Bryan and Kristen Deptula, owners of an inn in Rehoboth Beach, Del., are busy preparing for a big summer.
Aside from the inflow of guests staying at their Canalside Inn, the couple is experiencing higher demand for their spaces for events, like birthdays, weddings and corporate events. “That’s definitely caused us to need to hire a full-time person” to focus on these bookings, Bryan Deptula said.
They are hopeful and grateful that the worst days of the pandemic are behind them. “I’m grateful for even having survived COVID, and having been a part of this journey,” he said.
The resurgence in travel has required Deptula — along with other mom-and-pop enterprises and larger hotels — to hire more people. While it’s been a struggle to find reliable candidates, they know it’s all-hands-on-deck to make sure they’re prepared for the Summer 2022 resurgence of “revenge travel.” If they don’t find additional workers? They will do what they need to do.
“‘We’re gonna put food in our kids’ mouths, and we’re going to provide jobs for the community.’”
“My wife and I, and our employees will be on our hands and knees scrubbing toilets and sinks and bathtubs and showers, and being grateful that we’ve had the opportunity to do that because we’re gonna put food in our kids’ mouths, and we’re going to provide jobs for the community. And I don’t care that’s the price we have to pay.”
After two years of depressed demand, hotels are brimming with guests once again amid a boom in leisure travel.
Occupancy has bounced back, trending slightly higher than pre-pandemic levels, according to lodging data analytics firm STR.
Data from CoStar, a commercial real-estate data company, also revealed that hotels in the U.S. sold more rooms over the recent Memorial Day Weekend than in any prior year.
Even business travel is showing “its first signs of recovery,” the company said, as the travelers they surveyed showed “less negative” signs about their likelihood of traveling overnight for work.
Airbnb hosts bounce back from darkest days of the pandemic
Airbnbs, which are a popular alternative to traditional hotels, are faring even better, and on track to hit new records, according to data from AirDNA, a short-term renal analytics provider.
“Last year was the best year ever for the short-term rental industry,” Jamie Lane, vice president of research at the company, told MarketWatch. “Demand is about 25% higher this year than it was last year.”
In terms of occupancy, as of June 1, the top spots that are hitting their upper limits include North Carolina’s Outer Banks, Downeast Maine, and Pawleys Island in South Carolina, according to AirDNA. These booked destinations have hit an occupancy rate of more than 70% for the upcoming peak summer months of June, July and August.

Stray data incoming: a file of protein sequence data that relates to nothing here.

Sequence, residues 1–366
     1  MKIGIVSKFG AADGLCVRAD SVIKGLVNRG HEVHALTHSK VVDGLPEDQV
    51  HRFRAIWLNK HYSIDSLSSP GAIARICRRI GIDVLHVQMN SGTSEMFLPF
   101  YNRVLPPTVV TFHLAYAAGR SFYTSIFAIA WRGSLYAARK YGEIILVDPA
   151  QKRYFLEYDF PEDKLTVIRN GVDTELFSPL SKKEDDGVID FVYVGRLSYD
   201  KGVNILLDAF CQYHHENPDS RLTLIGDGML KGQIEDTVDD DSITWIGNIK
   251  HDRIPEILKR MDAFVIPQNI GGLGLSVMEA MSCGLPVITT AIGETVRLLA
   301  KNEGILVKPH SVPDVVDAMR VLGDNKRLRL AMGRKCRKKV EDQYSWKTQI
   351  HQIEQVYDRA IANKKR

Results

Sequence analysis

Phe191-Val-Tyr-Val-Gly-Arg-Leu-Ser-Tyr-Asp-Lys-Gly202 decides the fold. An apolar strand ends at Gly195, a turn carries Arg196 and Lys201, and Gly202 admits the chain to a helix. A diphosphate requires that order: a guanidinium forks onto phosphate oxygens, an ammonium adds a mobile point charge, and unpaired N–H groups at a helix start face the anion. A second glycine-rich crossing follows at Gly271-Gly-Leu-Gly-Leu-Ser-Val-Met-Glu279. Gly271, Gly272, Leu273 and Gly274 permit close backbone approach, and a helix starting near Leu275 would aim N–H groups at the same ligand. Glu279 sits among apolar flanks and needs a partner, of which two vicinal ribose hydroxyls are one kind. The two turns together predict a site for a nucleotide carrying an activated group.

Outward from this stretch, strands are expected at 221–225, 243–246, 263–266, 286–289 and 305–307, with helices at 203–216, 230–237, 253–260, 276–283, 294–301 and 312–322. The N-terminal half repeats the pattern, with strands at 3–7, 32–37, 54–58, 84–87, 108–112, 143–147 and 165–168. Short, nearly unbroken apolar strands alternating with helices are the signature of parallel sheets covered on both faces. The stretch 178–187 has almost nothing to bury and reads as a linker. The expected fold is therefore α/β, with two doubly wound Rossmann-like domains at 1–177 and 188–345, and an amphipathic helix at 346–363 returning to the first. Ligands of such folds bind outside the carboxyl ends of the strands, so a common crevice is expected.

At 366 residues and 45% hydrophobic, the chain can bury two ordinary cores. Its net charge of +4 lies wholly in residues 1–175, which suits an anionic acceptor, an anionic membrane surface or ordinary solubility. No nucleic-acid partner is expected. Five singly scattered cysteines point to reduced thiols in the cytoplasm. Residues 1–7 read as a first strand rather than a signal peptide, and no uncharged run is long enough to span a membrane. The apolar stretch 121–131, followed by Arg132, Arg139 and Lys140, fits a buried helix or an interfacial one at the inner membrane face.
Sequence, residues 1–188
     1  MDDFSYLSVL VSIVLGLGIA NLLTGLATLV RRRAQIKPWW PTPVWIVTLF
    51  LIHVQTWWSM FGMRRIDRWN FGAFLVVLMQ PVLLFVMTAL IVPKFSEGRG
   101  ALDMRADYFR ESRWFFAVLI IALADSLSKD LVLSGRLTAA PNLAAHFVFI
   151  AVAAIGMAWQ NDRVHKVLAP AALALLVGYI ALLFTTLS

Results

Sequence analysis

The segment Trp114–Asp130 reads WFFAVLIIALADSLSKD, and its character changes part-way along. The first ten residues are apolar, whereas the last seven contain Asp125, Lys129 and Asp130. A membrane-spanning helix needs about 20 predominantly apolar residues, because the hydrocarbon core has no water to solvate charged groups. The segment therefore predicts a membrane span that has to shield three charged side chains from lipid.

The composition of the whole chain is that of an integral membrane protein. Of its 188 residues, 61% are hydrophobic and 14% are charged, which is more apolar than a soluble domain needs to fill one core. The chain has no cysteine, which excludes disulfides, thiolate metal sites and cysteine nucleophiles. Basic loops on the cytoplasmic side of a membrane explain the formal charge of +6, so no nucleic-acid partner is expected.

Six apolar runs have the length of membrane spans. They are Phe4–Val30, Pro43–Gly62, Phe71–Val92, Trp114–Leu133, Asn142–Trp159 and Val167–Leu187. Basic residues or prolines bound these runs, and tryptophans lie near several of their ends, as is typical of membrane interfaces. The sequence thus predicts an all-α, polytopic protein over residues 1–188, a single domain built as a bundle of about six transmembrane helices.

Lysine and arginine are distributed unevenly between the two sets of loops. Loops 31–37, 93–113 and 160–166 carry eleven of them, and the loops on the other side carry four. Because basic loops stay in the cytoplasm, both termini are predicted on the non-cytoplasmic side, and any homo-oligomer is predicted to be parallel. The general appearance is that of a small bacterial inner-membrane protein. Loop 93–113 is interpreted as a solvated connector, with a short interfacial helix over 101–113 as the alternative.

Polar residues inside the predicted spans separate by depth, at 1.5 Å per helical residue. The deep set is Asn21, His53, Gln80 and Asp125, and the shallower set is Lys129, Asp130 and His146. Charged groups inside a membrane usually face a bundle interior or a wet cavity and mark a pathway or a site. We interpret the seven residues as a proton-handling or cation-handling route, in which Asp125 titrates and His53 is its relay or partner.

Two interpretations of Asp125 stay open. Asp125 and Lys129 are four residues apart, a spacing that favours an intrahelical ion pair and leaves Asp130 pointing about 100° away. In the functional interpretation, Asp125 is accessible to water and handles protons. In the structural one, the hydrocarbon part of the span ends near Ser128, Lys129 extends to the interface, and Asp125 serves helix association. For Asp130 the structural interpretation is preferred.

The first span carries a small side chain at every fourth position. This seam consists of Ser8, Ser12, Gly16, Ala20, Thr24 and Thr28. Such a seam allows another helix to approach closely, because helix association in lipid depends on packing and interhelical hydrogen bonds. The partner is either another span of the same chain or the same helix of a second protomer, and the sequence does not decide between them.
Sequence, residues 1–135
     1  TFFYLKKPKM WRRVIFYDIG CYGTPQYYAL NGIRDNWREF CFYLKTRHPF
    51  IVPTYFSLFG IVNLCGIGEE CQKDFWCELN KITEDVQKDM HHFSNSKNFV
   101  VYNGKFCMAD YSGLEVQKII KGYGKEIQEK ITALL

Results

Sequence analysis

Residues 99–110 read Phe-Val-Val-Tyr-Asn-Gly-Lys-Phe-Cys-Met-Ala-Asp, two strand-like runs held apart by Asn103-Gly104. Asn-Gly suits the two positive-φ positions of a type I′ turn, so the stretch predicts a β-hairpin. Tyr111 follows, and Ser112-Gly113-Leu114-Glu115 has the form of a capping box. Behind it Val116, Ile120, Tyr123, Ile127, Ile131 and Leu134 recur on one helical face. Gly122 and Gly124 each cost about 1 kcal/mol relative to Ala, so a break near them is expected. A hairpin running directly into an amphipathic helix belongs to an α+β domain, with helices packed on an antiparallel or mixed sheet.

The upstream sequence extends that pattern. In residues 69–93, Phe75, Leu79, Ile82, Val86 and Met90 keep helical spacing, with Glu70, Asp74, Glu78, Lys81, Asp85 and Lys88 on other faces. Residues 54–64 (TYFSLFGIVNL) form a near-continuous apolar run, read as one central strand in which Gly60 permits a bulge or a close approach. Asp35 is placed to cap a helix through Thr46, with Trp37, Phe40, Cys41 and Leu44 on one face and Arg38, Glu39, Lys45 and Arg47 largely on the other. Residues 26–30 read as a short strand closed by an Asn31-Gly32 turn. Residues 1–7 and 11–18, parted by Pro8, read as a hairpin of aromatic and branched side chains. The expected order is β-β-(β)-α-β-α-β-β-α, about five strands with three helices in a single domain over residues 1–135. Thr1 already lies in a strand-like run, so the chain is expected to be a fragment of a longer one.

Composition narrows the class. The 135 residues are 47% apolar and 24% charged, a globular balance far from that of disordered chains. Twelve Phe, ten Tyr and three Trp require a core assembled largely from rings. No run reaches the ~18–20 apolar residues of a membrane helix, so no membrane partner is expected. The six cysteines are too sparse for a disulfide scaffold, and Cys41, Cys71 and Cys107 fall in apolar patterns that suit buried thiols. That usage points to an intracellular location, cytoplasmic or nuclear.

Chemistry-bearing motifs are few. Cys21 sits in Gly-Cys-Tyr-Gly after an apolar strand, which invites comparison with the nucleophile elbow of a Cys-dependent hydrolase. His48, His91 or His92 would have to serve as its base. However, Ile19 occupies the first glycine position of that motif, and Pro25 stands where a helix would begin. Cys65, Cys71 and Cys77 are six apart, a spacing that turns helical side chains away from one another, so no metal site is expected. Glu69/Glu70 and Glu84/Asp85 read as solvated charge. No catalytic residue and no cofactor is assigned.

“‘Last year was the best year ever for the short-term rental industry.’”
Lane noted that while mountain towns, beaches, national parks were all common destinations for travelers in 2021, this year, “we’ve now seen the return to travel to a lot of major cities … [and] destination resort markets.”
The amount of money people are willing to pay for hotels and Airbnbs have also increased, he said.
But hotels are still playing catch-up: While the short-term rental industry had fully recovered to pre-pandemic 2019 levels by May 2021, which makes the environment less about recovery and more about a “massive expansion of short-term rental demand,” Lane said, hotels are just getting back to 2019 occupancy levels.
The difference is obvious to the Deptulas, who also happen to be a super host on Airbnb. They said they have, in fact, seen a larger number of reservations come through the Airbnb
platform than other booking sites.
The boom in travel has been a boon to many Airbnb hosts, amid the rising inflation in the U.S. Airbnb recently reported that more than a third of hosts on their platform said that putting their apartment up for short-term visits has helped them cover the rising costs of living – including putting that money towards their rent or mortgage.
But the boom has been a bane for others. In Delaware, the Deptulas said they were having a hard time hiring for key roles. For a housekeeping position, over 100 people applied — 96 of them failed to show up for interviews. “That is a true statistic,” Bryan Deptula said. “The four who showed up were hired, because that is literally the only thing we needed them to do, was to show up.”
The four people they hired did not show up for the first day of work.
The couple said they also advertised for an innkeeper role, which had resulted in 50 applications. They undertook 25 phone interviews. Two showed up in person. The Deptulas hired the two of them, but one of them didn’t show up for the first day.
“It’s truly a novel phenomenon,” Bryan Deptula said, of the labor market.
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